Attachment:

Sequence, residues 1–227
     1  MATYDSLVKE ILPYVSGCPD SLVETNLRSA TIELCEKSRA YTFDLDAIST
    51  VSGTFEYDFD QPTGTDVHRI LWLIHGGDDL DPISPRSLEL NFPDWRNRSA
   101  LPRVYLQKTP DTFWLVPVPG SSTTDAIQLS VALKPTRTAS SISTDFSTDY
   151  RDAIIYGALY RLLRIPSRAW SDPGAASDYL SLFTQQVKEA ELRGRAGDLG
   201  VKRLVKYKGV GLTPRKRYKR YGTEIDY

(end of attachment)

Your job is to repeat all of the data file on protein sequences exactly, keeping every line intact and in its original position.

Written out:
Sequence, residues 1–227
     1  MATYDSLVKE ILPYVSGCPD SLVETNLRSA TIELCEKSRA YTFDLDAIST
    51  VSGTFEYDFD QPTGTDVHRI LWLIHGGDDL DPISPRSLEL NFPDWRNRSA
   101  LPRVYLQKTP DTFWLVPVPG SSTTDAIQLS VALKPTRTAS SISTDFSTDY
   151  RDAIIYGALY RLLRIPSRAW SDPGAASDYL SLFTQQVKEA ELRGRAGDLG
   201  VKRLVKYKGV GLTPRKRYKR YGTEIDY